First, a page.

- Stay in control by taking charge of your safety and that of your passengers.
Boaters between the ages of 36 and 55 accounted for the highest rate of the total boating fatalities in 2008.(1) Don’t forget that safety begins with you.
- Understand and obey boating safety recommendations and navigational rules.
Imagine the mayhem that would result if car drivers disregarded highway traffic laws. Know and understand boating safety procedures and rules of navigation before taking to the water, and practice them without fail.
- Operate at a safe speed and always maintain a careful lookout. Overall, operator inattention, carelessness/reckless operation, operator inexperience and excess speed were significant contributing factors in virtually all reported accidents.(1) Know your boat’s limitations as well as your own. Take note of visibility, traffic density and the proximity of navigation hazards like shoals, rocks or floating objects. Don’t invite a collision by going faster than is prudent.
- Check the weather forecast. A calm day can quickly turn ugly on the water. Keep an eye out for changing weather conditions and stay on top of the forecast while boating. Promptly heed all weather and storm advisories.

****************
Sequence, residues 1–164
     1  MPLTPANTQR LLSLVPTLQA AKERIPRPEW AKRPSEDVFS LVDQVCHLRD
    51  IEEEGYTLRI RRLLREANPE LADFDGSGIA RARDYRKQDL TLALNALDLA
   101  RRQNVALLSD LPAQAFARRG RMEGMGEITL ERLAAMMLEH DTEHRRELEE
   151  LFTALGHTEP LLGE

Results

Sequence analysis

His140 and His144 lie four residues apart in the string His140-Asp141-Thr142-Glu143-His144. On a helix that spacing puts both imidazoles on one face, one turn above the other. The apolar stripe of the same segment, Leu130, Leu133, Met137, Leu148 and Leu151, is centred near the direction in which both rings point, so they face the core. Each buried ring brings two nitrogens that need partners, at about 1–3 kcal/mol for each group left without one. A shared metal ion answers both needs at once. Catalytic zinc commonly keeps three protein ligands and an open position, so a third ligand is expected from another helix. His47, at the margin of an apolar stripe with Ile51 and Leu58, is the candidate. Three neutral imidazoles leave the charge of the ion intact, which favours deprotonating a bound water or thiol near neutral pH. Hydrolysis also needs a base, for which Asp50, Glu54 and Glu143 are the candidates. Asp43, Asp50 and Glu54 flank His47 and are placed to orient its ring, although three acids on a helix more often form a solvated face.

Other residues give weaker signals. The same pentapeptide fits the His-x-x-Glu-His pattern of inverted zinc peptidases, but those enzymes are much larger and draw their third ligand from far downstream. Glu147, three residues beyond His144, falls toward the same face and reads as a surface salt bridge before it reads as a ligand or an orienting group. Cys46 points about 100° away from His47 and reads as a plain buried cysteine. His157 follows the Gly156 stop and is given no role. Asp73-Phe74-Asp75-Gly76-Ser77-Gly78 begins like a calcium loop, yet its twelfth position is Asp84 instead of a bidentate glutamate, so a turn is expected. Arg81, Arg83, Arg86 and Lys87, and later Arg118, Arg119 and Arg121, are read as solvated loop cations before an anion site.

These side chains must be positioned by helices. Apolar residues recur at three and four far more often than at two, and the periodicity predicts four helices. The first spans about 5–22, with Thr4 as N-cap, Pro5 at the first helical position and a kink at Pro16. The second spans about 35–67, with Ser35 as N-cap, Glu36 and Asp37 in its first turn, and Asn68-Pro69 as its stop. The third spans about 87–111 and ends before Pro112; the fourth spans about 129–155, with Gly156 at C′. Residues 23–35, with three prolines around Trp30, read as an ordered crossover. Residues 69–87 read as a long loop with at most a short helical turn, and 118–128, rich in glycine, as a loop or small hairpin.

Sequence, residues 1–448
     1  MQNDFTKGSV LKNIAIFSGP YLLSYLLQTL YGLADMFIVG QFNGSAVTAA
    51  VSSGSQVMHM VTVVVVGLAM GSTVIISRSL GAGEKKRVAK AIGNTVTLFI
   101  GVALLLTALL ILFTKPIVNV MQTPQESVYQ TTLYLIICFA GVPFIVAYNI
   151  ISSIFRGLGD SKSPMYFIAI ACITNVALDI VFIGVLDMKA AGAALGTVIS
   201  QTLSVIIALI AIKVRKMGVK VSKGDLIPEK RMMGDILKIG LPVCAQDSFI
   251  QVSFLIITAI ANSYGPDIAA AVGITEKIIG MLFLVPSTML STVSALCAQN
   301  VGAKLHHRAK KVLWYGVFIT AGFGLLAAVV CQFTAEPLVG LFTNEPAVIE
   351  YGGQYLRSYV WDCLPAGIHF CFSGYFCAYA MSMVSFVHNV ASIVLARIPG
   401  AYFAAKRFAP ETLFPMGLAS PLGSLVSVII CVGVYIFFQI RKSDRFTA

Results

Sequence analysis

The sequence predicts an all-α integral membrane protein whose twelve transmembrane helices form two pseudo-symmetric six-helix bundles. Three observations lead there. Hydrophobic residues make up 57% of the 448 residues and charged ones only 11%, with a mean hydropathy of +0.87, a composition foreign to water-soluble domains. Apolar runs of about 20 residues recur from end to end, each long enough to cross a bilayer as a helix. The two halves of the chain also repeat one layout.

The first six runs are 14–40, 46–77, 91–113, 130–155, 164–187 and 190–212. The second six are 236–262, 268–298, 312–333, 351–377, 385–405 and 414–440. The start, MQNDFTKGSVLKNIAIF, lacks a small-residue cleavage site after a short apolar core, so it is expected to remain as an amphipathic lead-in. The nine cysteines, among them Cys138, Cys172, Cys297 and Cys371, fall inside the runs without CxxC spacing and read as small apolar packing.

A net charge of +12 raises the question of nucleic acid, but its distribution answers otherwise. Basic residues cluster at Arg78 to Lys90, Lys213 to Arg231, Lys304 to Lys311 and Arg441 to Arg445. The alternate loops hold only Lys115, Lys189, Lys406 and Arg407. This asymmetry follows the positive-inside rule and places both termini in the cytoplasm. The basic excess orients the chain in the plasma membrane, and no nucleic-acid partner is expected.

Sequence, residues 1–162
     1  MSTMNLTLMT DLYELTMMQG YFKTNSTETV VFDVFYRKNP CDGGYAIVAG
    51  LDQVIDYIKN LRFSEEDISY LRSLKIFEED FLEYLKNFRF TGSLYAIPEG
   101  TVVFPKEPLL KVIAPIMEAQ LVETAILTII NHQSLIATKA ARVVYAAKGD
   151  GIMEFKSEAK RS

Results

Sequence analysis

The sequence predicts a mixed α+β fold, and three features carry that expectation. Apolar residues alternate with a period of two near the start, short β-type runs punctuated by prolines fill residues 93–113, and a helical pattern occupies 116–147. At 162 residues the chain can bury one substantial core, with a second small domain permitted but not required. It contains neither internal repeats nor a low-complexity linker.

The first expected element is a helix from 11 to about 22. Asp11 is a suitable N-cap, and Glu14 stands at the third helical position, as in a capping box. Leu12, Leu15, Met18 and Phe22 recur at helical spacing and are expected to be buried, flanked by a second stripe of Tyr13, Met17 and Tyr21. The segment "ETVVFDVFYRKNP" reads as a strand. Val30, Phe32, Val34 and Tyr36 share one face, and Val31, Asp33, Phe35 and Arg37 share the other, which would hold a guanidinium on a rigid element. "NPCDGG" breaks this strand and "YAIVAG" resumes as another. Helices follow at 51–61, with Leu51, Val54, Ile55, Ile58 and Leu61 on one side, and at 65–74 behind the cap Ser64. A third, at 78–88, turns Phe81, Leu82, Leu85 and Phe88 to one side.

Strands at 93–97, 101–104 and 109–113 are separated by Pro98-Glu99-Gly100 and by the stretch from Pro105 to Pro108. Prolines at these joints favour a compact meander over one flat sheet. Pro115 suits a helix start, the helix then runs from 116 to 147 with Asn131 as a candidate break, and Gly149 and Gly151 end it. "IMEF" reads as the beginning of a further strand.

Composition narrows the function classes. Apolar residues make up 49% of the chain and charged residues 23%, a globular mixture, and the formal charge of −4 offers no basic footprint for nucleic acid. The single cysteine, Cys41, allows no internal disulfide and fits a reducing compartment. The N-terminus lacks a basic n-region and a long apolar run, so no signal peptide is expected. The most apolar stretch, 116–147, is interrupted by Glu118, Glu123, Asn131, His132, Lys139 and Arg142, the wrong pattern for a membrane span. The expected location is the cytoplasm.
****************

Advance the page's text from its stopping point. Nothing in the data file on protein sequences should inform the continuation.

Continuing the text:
- Have your vessel checked for safety – for free! The U.S. Coast Guard Auxiliary offers Vessel Safety Checks at no cost. Coast Guard Auxiliary staffers will check your boat’s equipment and provide information about its use, safety procedures and applicable regulations. Unsafe boats are a threat to all recreational boaters. Make sure your vessel is as safe as possible. Carry flares at all times. Visit the U.S. Coast Guard web site at www.uscgboating.org/safety/safety.htm for more information
- Use a carbon monoxide detector. All internal combustion engines emit carbon monoxide (CO), an odorless, colorless, poisonous gas that can kill in minutes. Know the symptoms of carbon monoxide poisoning and avoid extended use of the transom area when engines are operating. Carbon monoxide poisoning caused 11 boating deaths in 2008.(1)
- File a float plan. The U.S. Coast Guard recommends that you always tell a friend or family member where you plan to go and when you’ll be back. Make it a habit before leaving on any boat trip. The proper officials can be notified promptly if you don’t return when expected.
(2) United States Power Squadron. www.usps.org
NOAA forecasters are predicting the likelihood of an “above-normal Atlantic hurricane season” for 2011. Below are some useful and potentially life saving tips on what to do before, during, and after a Hurricane. The best defense against the brutal power of a Hurricane is, of course, not to be around when it arrives!
What to do before the Hurricane season
When a Hurricane Watch is issued
- Assess the exposure of your location to Hurricanes. Talk to the locals and listen. Chances are that they will have practical experience to share.